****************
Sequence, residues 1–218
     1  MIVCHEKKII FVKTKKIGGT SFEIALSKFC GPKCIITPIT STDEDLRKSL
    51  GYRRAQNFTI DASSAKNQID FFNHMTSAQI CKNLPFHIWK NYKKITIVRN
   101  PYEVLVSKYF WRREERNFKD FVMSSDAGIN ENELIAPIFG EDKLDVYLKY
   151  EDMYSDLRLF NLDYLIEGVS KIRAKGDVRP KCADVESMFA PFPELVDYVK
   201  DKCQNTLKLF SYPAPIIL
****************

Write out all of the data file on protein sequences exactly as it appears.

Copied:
Sequence, residues 1–218
     1  MIVCHEKKII FVKTKKIGGT SFEIALSKFC GPKCIITPIT STDEDLRKSL
    51  GYRRAQNFTI DASSAKNQID FFNHMTSAQI CKNLPFHIWK NYKKITIVRN
   101  PYEVLVSKYF WRREERNFKD FVMSSDAGIN ENELIAPIFG EDKLDVYLKY
   151  EDMYSDLRLF NLDYLIEGVS KIRAKGDVRP KCADVESMFA PFPELVDYVK
   201  DKCQNTLKLF SYPAPIIL